Draft : : Prospect Scouting Reports
Friday, May 17, 2013

Draft Focus: Thomas Milone

David Rawnsley        
Photo: Perfect Game
Every weekday leading up to the 2013 MLB Draft, Perfect Game will be providing a scouting profile on a notable draft-eligible prospect.  Stay tuned to Perfect Game and be sure to visit the Draft Page for all of the latest info and reports pertaining to the draft.

Thomas Milone Perfect Game profile

Position:  OF
Height:  6-0
Weight:  185
Bats/Throws:  L-L
Birthdate:  Jan. 26, 1995
High School:  Masuk
City, State:  Monroe, Conn.
Travel Team:  CT Gamers
Commitment: Connecticut
Projected Draft Round:  2-3

Mike Trout was famously picked 25th overall in the 2009 draft, the 12th high school player taken that year. Many who do not fully understand the draft process and what goes into evaluating a 17-18 year old high school player have wondered how such a prodigious talent as Trout could have lasted that deep into what is turning out to be a good but not great draft class.

As background, the 11 high school players selected before Trout, in order of selection, include Donovan Tate, Matt Hobgood, Zack Wheeler, Jacob Turner, Tyler Matzek, Matt Purke, Bobby Borchering, Chad James, Shelby Miller, Jiovanni Mier and Randal Grichuk.

While everyone was talking about Tate down in sunny Georgia as the class’s five-tool player, the real five-tool future star was up in cold, wet New Jersey that spring. Trout also spent a limited time on the showcase and tournament circuit that summer.

If that scenario is going to repeat itself this spring, the player who is the potential Mike Trout, the player scouts and fans look back and say, “What were we/they thinking when we didn’t pick this guy when we had a chance?,” that player might be Connecticut high school outfielder Thomas Milone.

Three things have conspired to keep Milone from being scouted as much as most of his peers across the country. The first is simply being from Connecticut, where the high school baseball season doesn’t start until mid-April, a time of the year where players are starting to get fatigued from playing and practicing for three months in states such as Florida or California.

The second factor is that Milone has not traveled outside the Northeast playing in the travel team environment, and there has been no opportunity to see him match up against national level competition except at two showcases last summer, the East Coast Professional Showcase and the Area Code Games. His only exposure to national scouts was literally a 10-day window in early August.

The third factor was that Milone is an incredible football player, perhaps not on the same level nationally as a Kohl Stewart or a Cord Sandberg in the 2013 draft class, but in his own right one of the most dominant players in the country.

Consider this; playing for a 10-2 Masuk High School team that has gone 34-3 over the past three seasons, Milone ran for 1,033 yards on 60 carries (17.5 yard per carry) and 19 touchdowns, caught 40 passes for 1,094 yards and 13 touchdowns, averaged 48 yards on six punt returns, three of which were touchdowns, also threw a pair of touchdown passes on option plays, made 42 tackles and intercepted two passes as a safety, and also served as his team’s punter.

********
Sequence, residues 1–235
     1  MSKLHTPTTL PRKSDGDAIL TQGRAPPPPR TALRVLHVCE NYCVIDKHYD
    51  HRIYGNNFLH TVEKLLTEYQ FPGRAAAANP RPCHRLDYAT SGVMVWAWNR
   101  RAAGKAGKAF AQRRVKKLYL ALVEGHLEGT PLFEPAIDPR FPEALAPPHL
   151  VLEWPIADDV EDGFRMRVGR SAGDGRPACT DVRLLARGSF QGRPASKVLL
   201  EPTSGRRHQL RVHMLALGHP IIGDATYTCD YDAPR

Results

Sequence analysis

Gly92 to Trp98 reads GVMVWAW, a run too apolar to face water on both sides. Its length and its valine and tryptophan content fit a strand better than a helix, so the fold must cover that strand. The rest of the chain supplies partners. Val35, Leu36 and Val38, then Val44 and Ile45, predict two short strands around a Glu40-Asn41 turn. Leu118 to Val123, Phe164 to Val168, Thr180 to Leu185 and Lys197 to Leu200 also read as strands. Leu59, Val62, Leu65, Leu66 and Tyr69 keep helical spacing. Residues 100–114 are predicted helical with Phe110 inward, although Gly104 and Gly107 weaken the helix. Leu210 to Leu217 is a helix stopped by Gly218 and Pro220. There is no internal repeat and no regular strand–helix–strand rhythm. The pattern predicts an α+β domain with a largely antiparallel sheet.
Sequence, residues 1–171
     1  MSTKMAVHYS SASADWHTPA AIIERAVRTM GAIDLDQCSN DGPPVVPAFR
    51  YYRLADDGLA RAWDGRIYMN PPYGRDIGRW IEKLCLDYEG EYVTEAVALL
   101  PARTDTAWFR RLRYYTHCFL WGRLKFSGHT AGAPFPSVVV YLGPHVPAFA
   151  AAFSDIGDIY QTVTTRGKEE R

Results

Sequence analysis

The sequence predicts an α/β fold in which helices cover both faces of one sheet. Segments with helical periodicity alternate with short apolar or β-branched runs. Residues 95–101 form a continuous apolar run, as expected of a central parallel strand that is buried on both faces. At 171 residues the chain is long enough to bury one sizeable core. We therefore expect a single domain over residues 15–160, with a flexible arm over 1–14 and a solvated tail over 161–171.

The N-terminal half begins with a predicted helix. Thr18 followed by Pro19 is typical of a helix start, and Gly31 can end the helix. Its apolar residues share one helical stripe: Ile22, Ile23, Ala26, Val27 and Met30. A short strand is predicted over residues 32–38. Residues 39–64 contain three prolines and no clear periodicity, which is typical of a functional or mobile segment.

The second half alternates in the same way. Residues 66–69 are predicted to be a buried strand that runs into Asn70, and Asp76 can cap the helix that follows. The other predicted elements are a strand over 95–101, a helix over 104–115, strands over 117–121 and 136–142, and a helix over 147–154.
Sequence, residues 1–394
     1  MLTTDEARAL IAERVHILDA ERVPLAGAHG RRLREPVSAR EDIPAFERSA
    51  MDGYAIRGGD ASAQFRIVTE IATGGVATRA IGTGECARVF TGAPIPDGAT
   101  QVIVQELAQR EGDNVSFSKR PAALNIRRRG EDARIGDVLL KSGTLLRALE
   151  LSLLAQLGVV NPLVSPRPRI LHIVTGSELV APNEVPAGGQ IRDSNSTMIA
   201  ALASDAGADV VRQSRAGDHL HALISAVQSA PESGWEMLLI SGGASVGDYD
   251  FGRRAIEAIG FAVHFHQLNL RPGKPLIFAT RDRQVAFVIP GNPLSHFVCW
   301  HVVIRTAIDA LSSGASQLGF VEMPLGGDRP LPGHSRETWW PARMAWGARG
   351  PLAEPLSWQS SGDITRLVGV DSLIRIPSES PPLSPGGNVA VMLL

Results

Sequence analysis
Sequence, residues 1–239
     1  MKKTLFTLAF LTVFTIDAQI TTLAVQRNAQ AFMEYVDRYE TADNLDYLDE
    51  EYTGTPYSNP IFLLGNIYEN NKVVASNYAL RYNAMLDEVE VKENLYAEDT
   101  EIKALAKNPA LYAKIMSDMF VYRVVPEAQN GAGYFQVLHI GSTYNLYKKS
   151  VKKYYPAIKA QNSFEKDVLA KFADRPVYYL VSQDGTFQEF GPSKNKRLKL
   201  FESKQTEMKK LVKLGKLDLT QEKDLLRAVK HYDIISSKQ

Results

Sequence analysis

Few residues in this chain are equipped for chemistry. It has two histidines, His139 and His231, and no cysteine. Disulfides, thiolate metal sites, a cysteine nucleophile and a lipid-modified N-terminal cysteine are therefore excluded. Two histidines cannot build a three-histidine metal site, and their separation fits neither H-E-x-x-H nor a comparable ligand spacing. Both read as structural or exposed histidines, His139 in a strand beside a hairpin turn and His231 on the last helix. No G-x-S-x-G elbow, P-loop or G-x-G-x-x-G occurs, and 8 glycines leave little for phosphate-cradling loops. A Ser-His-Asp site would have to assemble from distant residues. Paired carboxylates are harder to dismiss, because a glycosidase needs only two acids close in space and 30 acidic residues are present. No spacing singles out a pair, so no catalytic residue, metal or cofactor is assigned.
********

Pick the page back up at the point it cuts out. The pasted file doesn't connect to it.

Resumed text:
I happened to be at both the East Coast Pro and the Area Code Games during that 10-day window to see Milone last summer and below are my notes from those two events.

(East Coast Pro): Star of the event. Tightly wound quick-twitch athlete, very strong, crushes the ball, one piece swing with some stiffness but ball just explodes. Has all the characteristics of a speed player, steals bases aggressively, big OF range, makes plays and performs. Don't know where he's been hiding. Would have been an All-American if he did this at the National Showcase.

(Area Code Games): Had a great BP, hits some absolute bombs where balls usually aren't hit at Blair Field, didn't do much in the games, was often overanxious and got self out many times, center field tools on defense, arm fringy ave.

The first thing that stands out about Milone for me from those two events was how hard he hit the ball and the way it came off the bat. His left-handed swing, as noted, was a bit stiff and one-piece but his bat speed was simply outstanding. He hit one ball in BP over the right-center field scoreboard at Blair Field, which is the first time I’ve ever seen that done in my dozen or so trips to Long Beach. When Milone squares a ball up, it’s loud contact similar to when Clint Frazier squares up a ball.

But Milone’s speed and the way he uses it also stands out. He only ran a 6.68 60 at the East Coast Pro, but he plays much faster than that on the baseball field and has reportedly run a 4.38 in the 40 during football workouts, which translates better to what I’ve seen on the baseball field. Milone has a quick initial burst that will enable him to steal bases and track down balls in the outfield at a very high level. He also plays the game with an energy level that is typical of a football type mentality.

While it is possible to compare Milone’s overall draft scenario to Trout’s, the comparison between the players isn’t especially appropriate. The best comparison might have been made just above, with Milone assuming the role of the left handed hitting Clint Frazier. One has to wonder if you switched the two and moved Frazier to Connecticut and Milone to Georgia three years ago whether you might have the same situation, only reversed.

In a few years we should be able to answer that.

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